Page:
KVM App Hosting on a Cisco Router

At a Glance

Available Languages

Download Options

  • PDF
    (246.6 KB)
    View with Adobe Reader on a variety of devices
Updated:March 5, 2020

Bias-Free Language

The documentation set for this product strives to use bias-free language. For the purposes of this documentation set, bias-free is defined as language that does not imply discrimination based on age, disability, gender, racial identity, ethnic identity, sexual orientation, socioeconomic status, and intersectionality. Exceptions may be present in the documentation due to language that is hardcoded in the user interfaces of the product software, language used based on RFP documentation, or language that is used by a referenced third-party product. Learn more about how Cisco is using Inclusive Language.

Available Languages

Download Options

  • PDF
    (246.6 KB)
    View with Adobe Reader on a variety of devices
Updated:March 5, 2020

Table of Contents

  • Get the Most from Your Branch Router
  • Run the Apps You Need…
  • Benefits
  • ...With the Performance You Expect

    Related image, diagram or screenshot

    Use Spare Router Cycles to Host Linux VMs

    Get the Most from Your Branch Router

    Many lightweight applications and network functions needed in a modern network or branch office are available as virtual machines (VM). If you need to host some of these functions in the network, use your Cisco® router to do it instead of deploying a dedicated appliance at your branch site.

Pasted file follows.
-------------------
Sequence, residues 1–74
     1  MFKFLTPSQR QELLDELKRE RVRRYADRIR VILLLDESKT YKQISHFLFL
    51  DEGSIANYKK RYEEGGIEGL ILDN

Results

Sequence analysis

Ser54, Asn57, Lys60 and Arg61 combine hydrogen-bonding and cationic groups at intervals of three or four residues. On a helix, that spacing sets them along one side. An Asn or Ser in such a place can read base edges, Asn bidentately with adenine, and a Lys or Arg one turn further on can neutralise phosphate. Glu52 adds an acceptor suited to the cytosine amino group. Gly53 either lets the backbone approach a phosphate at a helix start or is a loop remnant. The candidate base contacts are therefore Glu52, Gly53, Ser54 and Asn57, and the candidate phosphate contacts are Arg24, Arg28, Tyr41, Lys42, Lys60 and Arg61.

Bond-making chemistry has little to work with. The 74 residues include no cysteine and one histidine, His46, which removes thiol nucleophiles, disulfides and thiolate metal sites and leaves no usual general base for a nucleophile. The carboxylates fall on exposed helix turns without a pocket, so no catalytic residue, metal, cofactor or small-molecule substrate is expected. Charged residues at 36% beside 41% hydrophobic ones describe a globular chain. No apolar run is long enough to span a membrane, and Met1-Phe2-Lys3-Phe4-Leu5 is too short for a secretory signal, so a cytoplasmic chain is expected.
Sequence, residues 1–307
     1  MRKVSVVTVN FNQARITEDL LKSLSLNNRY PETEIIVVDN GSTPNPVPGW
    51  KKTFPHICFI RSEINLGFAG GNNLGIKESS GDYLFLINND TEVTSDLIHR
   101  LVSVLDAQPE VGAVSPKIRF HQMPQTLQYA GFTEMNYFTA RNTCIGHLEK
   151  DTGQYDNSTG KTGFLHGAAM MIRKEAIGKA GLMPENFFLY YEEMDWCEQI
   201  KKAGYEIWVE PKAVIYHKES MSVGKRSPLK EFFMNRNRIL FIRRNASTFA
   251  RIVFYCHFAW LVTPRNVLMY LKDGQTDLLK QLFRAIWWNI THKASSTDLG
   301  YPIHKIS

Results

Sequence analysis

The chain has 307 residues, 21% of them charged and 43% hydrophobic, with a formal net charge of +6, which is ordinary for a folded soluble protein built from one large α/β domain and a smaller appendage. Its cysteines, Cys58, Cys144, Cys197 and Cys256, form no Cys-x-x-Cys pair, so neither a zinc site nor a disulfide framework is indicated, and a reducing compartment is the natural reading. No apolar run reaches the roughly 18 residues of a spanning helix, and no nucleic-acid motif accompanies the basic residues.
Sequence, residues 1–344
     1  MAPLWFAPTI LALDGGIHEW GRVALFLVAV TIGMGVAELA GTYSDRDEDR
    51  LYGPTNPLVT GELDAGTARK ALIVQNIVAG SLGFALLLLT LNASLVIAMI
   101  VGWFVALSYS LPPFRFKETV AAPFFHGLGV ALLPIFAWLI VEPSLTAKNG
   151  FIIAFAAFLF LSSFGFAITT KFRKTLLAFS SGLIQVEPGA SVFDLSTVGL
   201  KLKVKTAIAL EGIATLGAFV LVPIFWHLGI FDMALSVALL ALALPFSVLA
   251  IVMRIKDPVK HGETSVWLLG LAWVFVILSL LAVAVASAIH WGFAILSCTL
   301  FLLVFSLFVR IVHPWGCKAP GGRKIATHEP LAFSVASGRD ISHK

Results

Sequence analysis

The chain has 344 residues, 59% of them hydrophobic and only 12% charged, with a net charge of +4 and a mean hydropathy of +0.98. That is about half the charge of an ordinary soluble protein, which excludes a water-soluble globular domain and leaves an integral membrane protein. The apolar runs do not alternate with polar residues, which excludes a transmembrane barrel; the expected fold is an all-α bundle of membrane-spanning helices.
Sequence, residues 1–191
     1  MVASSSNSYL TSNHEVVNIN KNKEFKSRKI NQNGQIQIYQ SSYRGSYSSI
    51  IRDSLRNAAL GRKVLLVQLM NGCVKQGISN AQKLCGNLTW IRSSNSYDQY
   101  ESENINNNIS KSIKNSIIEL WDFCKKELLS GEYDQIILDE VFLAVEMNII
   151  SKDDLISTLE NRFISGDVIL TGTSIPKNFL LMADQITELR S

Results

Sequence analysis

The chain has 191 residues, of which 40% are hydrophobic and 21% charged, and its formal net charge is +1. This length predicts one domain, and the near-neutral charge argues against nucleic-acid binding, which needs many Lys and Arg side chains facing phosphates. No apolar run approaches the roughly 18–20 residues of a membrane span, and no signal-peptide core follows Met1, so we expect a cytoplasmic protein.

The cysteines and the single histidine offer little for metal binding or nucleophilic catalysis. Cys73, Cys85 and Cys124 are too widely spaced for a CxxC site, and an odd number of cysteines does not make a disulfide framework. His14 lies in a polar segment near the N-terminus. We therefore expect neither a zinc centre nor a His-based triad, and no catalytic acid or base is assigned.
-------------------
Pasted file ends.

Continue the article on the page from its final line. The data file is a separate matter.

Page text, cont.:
You’ll reduce complexity and cost by making use of spare compute horsepower that’s already in your router. Very efficient.

    Run the Apps You Need…

    Use the Cisco 4000 Series Integrated Services Router (ISR) and ASR 1000 Series Aggregation Services Router to host not only Cisco apps, but also third-party and homegrown Linux-based apps. These routers’ Cisco IOS® XE operating system supports the Kernel-based Virtual Machine (KVM), a virtualization infrastructure for the Linux kernel that turns it into a hypervisor.

    Both routers use a customized high-performance data plane for forwarding and manipulating packets. The control plane is entirely Linux running on an x86 Intel CPU. We designed the routers with extra CPU capacity for hosting VMs.

    You can also turn to the Cisco 4000 Series ISR and ASR 1000 Series to host other network functions that can be deployed as VMs, including:

         Windows domain controller

         Print servers

         Network analytics

         Network functions such as WAN optimization (Cisco WAAS), intrusion detection and prevention (Snort® IPS), and visibility and security intelligence (Cisco Stealthwatch Learning Network License)

    Hosting those VMs directly on your existing physical router makes a whole lot of sense.


         Flexibility: Run homegrown, thirdparty, or Cisco apps on your ISR 4000 and ASR 1000 router.

         Simplicity: Use spare resources instead of buying more boxes to manage.

         Agility: Spin up virtual machines at any time over the network.



    ...With the Performance You Expect

    VMs are not hosted in the data plane of the router, so there is no performance impact on packet forwarding or feature processing. Critical control plane functions run at a higher priority than hosted VMs.

    This is industry-standard Linux virtualization at its finest.

    Related image, diagram or screenshot

    Next Steps

    Learn more about hosting applications on your routers today.

    Is there spare compute capacity in your network that you could be making use of today? Take a look at the sample code and developer guide for KVM hosting on Cisco IOS XE routers to find out just how easy this is and push the capabilities of your network even further.

    How to buy

    To view buying options and speak with a Cisco sales representative, visit www.cisco.com/c/en/us/buy









    Learn more